A helpful way of knowing how much milk your baby has taken in is to look for what comes out. Beginning on the third or fourth day after birth, babies should have at least six to eight wet cloth nappies (five or six disposables) and at least three bowel movements in 24 hours.
High bilirubin levels can make your baby sleepy and lethargic and less interested in breastfeeding. If your baby is sleepy and not waking often, express your milk to help establish milk production and reduce breast engorgement. You can give your expressed milk to your baby by cup or syringe. See “Waking a Sleepy Newborn” for suggestions to encourage a sleepy baby to nurse well.
A baby who breastfeeds well and often is less likely to have a problem with jaundice. Encourage your baby to nurse very often, at least 10 to 12 times in 24 hours. This will help clear bilirubin from his intestines more quickly.
Seek skilled help for positioning and attaching your baby at the breast, if you are struggling. If you are feeling overwhelmed, an LLL Leader can provide a listening ear.
Once your baby has the food he needs, he will have more energy to nurse well.
It is very IMPORTANT TO LET YOUR DOCTOR KNOW if your baby has dark colored urine or pale colored feces.
Abnormal or pathological jaundice usually appears within the first 24 hours after birth. Babies who are more at risk include those who are born prematurely or with a low birth weight, those with a blood group incompatibility with their mother, or whose mother has diabetes, babies with liver disease, anemia, or metabolic disorders. Consult your doctor if you are worried about your baby’s health.
Protocol from the Academy of Breastfeeding Medicine.
Breastfeeding can continue if diagnostic tests are needed. Most babies won’t need treatment. You might want to ask how necessary it is to treat the jaundice at this stage; whether instead you can continue to monitor the baby’s bilirubin levels, encourage him to breastfeed more frequently, and re-evaluate the situation in 24 hours. And, if phototherapy is deemed necessary ask how you can ensure frequent breastfeeding during the treatment.
If your baby finds blood tests distressing it can help calm you both to breastfeed during or immediately after the test.
Sometimes phototherapy is recommended to treat newborn jaundice. Phototherapy uses special blue-green lights to break down the bilirubin stored in a baby’s skin so that it can be eliminated more easily. A baby lies under the “bili-lights” wearing just a diaper, with his eyes covered to protect them. He stays under the lights continuously for a day or two, although parents may remove him from the lights for feeds. Once his bilirubin levels begin to fall, the lights are no longer needed.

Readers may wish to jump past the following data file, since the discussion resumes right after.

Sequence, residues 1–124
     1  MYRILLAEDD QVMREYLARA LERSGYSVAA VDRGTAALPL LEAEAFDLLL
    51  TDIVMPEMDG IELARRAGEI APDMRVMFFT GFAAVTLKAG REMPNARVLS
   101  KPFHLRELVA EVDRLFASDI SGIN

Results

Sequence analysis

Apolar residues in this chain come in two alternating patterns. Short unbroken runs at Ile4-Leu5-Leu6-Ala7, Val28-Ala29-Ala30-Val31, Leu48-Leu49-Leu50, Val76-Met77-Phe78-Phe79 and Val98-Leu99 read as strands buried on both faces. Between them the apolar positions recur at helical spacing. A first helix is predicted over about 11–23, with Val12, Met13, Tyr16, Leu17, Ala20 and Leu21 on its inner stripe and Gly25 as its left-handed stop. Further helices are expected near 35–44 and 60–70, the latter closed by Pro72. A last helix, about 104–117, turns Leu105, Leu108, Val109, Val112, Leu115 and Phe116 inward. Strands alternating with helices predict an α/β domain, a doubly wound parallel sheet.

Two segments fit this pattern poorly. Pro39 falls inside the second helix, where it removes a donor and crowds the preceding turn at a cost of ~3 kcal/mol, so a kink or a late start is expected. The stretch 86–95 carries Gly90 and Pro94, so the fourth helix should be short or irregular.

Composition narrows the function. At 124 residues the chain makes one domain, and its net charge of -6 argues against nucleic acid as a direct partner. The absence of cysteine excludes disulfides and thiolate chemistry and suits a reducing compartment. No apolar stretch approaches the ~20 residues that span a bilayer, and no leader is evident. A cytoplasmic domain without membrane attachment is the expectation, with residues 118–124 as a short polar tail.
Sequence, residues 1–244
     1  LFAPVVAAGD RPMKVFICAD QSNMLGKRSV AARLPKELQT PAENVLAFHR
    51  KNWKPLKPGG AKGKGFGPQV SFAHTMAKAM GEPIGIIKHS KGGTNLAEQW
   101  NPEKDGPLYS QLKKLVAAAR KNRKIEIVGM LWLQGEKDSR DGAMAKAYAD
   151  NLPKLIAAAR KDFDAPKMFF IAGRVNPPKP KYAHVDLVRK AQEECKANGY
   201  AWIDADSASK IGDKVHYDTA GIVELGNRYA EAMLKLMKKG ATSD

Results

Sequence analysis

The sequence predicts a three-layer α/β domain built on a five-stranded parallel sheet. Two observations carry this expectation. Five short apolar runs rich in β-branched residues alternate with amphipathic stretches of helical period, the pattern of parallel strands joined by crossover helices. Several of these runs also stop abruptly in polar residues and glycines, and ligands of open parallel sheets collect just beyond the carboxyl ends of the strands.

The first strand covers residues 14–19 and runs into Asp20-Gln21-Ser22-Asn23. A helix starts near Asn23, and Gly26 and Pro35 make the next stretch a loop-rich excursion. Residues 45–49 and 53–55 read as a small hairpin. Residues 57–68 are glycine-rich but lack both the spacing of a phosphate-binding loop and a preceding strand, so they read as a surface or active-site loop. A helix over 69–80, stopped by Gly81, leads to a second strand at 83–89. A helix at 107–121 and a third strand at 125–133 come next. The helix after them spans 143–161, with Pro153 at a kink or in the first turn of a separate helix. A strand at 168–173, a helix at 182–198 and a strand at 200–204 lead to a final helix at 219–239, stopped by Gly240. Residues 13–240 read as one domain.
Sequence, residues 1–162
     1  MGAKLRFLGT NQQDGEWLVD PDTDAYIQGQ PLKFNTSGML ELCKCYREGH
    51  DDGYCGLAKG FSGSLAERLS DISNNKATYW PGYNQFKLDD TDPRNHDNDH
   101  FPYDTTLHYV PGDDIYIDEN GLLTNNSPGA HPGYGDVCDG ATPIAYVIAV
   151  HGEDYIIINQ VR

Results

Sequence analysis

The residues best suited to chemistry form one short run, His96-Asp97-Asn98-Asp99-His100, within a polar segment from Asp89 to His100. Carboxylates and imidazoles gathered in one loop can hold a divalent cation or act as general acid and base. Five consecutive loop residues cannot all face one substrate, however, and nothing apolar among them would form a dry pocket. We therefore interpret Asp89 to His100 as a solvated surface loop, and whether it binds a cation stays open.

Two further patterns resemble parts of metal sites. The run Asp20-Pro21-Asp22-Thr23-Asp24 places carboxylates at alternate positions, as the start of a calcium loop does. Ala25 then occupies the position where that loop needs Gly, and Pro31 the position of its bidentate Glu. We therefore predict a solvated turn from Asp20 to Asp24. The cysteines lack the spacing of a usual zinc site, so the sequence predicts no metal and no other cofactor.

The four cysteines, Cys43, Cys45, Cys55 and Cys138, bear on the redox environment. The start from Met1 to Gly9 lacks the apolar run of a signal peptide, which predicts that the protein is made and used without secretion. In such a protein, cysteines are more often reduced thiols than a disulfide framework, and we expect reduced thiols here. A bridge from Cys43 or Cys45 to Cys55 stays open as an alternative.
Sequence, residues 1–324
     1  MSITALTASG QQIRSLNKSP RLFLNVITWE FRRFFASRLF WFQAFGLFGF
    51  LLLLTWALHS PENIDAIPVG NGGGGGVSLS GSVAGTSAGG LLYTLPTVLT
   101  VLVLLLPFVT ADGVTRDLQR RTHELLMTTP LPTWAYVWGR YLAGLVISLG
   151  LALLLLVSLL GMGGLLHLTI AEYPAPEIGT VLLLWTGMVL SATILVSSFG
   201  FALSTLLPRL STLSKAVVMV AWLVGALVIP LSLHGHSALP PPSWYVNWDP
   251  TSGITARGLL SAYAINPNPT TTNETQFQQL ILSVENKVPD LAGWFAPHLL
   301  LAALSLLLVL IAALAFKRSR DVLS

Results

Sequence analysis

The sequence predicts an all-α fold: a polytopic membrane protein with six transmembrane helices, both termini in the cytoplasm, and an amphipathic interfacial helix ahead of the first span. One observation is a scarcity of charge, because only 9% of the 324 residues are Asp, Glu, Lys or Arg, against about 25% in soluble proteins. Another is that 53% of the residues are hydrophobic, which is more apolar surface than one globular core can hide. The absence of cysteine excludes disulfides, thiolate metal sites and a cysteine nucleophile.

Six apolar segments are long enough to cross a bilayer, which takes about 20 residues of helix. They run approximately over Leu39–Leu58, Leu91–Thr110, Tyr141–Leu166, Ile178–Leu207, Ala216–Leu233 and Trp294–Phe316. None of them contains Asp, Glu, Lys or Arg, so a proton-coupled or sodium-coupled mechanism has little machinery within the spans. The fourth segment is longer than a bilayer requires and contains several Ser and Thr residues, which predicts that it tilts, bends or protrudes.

Phototherapy restricts the time you can spend holding and nursing your baby. So if phototherapy is needed, it’s important to do everything you can to stay close to him, and continue to breastfeed frequently. If you are still in the hospital, the phototherapy unit can usually be set up at the bedside, so that you can talk to your baby, touch him, and breastfeed him frequently.
More frequently now, babies can receive phototherapy using a fiberoptic blanket that wraps around the baby’s body and provides continuous light treatment. Your baby’s eyes will not have to be covered, and you can hold and breastfeed him during treatment.
* Breast compression
This technique can help your baby to breastfeed actively and take more milk.
- Hold your breast with one hand—thumb on one side, fingers on the other.
- Wait while your baby breastfeeds actively (his jaw is moving all the way to the ear). When he is no longer swallowing, squeeze your breast firmly. Hold it squeezed until he stops nursing actively and then release.
- Rotate your fingers around the breast and repeat step 2 as needed on different areas of the breast. Go gently—this should not hurt.
Lactation aid. A supplemental nursing system/ nursing supplementer is a bottle with thin tubes that attach to the nipple. When the baby sucks at both the breast and the tube, she gets milk from the bottle while the suckling stimulates the mother’s breast.